So this little lesson on how I perceive culture is brought to you via an email question. I hope this helps you to understand what it is I speak of when I refer to culture and why change is needed.

Tuesday, October 2, 2007

QualityCan Not Be Legislated, It Must Be Lead By Innovation

I have had a full 24 hours of great education this week, and my head is spinning with new thoughts and ideas..

Last night, I had my first organizational leadership class; and I remembered why I loved organizational psychology and sociology so well as an undergrad! The class had a great discussion on leaders within organizations and their defining moments; IE; leading during the non-traditional events that occur within an organization. It got me thinking about the market disruptor's and changes that are looming in health care and the prospect of where the great leaders will emerge from to get us thru the changes as they occur. As health care organizations,we need to start spending significant time on teaching and mentoring innovative leadership. We need to think about how we reward and grow those individuals who have the ability to see the big picture, absorb it and make the critical decisions that will be necessary to stay competitive in a world market of care decisions.

The other part of my education occurred today at a Detroit Economic Club lunch where the president of one of the largest health care companies in America spoke about the future of health care in America. His thoughts put into words what many of us need to hear about our health care choices. I am still thinking about one item that he said and I am going to make it my new mantra for what I do within my organization, and for my leadership model to my staff. To paraphrase the thought: Quality will drive health care in the future. Further, quality can not be legislated, compliance can be legislated. Quality must be lead by innovation. Compliance does not create quality....

As providers, too often we find ourselves seeking "quality" to be defined by meeting the criteria set up by the government regulations. The reality is that quality is driven by creating market disruptive innovation that customers desire and demand. Without creating remarkable quality services and outcomes, we will fail in the future. By allowing the government and other regulatory entities define quality for us; we are missing the critical element; customers. Customer based definition of quality should be our one and only focus. In a true market based economy the customer should drive the success of a health care provider. Subsequently, as health care providers we need to fight for this vision. We need to demand that we are allowed to have the latitude to create customer driven quality care environments where consumers are able to define the quality they want. If the regulators really want to "thin" the poor performers, this system would work quicker, and fiscally more affordable for tax payers.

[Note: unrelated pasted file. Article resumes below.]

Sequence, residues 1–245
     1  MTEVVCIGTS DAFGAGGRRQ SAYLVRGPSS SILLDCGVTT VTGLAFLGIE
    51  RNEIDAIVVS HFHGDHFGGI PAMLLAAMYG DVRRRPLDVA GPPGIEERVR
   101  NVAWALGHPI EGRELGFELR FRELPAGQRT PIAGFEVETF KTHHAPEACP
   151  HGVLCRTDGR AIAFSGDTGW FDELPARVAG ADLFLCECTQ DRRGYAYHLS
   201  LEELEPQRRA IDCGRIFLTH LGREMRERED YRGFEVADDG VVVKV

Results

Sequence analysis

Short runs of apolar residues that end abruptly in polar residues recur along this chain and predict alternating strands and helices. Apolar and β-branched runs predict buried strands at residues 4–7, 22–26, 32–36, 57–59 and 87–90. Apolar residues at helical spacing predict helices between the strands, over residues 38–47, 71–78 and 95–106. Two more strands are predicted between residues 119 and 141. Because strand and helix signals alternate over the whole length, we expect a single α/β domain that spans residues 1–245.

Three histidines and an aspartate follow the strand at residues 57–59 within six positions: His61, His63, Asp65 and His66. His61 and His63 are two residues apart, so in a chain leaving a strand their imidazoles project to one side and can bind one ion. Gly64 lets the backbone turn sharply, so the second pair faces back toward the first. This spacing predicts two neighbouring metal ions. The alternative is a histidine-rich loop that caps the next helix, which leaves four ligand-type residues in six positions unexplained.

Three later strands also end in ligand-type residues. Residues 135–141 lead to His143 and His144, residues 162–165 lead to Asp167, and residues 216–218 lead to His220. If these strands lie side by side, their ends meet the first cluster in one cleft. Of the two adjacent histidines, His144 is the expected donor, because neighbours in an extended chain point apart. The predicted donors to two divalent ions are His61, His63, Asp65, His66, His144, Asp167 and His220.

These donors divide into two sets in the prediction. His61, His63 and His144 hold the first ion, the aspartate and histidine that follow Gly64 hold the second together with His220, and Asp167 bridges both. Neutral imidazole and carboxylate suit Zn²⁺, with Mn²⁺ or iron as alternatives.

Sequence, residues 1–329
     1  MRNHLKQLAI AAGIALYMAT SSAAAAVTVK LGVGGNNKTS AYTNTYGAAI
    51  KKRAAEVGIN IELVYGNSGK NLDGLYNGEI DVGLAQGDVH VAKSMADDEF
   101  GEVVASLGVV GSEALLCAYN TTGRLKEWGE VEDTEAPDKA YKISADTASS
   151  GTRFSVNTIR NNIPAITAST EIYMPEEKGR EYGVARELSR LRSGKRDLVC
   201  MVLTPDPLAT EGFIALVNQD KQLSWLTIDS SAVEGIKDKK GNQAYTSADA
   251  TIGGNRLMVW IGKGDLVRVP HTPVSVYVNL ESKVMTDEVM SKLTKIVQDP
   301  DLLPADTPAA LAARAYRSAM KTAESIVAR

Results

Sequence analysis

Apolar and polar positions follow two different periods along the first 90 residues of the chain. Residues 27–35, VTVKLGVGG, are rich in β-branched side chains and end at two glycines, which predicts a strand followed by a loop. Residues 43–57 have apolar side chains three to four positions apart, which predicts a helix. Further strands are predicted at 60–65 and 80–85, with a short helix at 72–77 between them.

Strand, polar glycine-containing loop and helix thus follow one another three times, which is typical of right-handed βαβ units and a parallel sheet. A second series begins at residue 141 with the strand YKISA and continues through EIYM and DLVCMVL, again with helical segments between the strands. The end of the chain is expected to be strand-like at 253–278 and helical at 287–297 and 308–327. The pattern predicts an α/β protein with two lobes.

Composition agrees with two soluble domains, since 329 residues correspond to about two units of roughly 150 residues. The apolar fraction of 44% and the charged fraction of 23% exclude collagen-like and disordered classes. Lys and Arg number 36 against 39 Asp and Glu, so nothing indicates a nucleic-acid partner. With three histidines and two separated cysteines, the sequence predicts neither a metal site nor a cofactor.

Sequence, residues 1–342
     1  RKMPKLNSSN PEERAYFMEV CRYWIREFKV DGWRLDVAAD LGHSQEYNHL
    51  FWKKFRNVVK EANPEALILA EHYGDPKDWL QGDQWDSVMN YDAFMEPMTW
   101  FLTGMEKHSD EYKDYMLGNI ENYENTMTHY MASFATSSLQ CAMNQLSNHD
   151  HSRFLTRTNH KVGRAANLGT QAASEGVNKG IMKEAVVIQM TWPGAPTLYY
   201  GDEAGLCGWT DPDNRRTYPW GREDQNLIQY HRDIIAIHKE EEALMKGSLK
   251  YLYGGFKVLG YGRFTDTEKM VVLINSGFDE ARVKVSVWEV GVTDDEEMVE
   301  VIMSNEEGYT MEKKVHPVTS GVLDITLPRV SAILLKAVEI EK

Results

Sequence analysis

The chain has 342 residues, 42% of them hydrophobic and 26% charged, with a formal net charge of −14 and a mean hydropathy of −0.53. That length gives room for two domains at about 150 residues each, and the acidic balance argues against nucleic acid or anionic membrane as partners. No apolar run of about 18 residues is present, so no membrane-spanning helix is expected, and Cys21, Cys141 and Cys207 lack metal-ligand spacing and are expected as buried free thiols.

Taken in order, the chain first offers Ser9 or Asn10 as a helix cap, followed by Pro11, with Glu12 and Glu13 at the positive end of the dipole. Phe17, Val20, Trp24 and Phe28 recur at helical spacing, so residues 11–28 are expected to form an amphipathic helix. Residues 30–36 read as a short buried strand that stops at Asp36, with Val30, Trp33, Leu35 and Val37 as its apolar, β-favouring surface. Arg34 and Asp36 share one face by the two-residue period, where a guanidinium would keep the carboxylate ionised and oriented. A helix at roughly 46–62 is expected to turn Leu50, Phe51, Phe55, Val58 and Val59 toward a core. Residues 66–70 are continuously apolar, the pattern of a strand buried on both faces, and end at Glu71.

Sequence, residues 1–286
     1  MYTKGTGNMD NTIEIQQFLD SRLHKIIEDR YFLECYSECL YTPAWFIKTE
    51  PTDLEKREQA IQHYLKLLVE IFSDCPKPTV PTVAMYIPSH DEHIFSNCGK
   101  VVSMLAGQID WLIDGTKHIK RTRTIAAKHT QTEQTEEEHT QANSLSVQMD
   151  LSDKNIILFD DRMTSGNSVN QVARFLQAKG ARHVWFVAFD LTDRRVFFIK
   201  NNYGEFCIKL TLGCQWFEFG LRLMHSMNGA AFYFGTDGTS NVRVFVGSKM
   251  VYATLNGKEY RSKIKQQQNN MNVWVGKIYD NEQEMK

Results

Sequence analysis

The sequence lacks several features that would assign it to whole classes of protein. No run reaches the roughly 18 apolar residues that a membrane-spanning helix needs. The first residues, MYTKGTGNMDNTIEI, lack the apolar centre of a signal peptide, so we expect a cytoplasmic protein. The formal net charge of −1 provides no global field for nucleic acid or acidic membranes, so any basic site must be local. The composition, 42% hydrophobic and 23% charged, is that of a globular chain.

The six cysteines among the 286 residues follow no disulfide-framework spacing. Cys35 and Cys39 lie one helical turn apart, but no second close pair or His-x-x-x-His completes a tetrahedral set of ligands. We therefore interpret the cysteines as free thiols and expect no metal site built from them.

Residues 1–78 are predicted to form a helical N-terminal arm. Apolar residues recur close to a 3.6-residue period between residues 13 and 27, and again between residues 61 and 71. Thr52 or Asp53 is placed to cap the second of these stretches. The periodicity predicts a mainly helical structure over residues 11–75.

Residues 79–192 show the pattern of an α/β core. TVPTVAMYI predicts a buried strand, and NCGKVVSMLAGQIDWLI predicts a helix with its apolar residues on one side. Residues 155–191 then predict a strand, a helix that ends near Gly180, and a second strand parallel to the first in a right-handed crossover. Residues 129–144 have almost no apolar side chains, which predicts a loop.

As an example of a market disruptive innovation, I think of the remarkable one of a kind wellness center that our company just opened at a sister facility. This is a living breathing example that will set the bar on remarkable quality for customers and families. This center will redefine what rehabilitative short term care should look, feel and act like. Kudos to the innovators who designed this, and thank goodness I work for a future sighted company!

As providers it is time to let go of the regulated quality/compliance outcomes that we feel comfortable with. We must allow our customers and market demand define what "quality" should be. It is in this innovative thinking that we can finally break thru the regulatory bureaucracy and achieve a competitive market based organization where the services we offer are worth the price to the consumer.

As a future leader, the times are both frightening but wrought with possibilities...I cannot think of a more exciting time and career to be in for the next 25 years!

Monday, October 1, 2007

The Character of a Community

On Sunday evening I had the pleasure to attend a very touching and inspiring event. This event, celebrated a 100 year anniversary, and the retirement/service of a dedicated individual who has dedicated a great portion of her life to providing care to the elderly of her community.

During this gala, one of the speakers made a simple statement that touched me in a profound manner. The statement? "You can judge the strength and character of a community by how they treat their elders."

As I sat there pondering his words and the rest of the evenings events; the strength and prophetic wisdom of this thought kept reverberating in my head. Several questions came to mind... How does my community treat it's elders? How have I role modeled the expectation of treatment to elders? Would my community members who are not part of my "care giving" environment agree with this statement?

I had never thought of a communities character in this manner. The speaker was referring to a religious based community; however his concept and thought can be applied to several sets of societal communities. Where do my "communities" measure up in comparison to the role model that I observed last night? (picture near 700 people who paid a large sum of money to attend this fundraising/retirement gala, all of whom were supporters of this specific religious community via religious or business affiliation.) Tough assessment and evaluation for myself.

Where have I been as a role model for care in my community sharing the expectation of how elders should be respected and treated? Am I a true advocate in every sense of the word? I would like to think yes; however I find myself thinking I/we could do better, and should do better. As a prospective elder, I would hope someone would advocate for me when I can no longer do so for myself.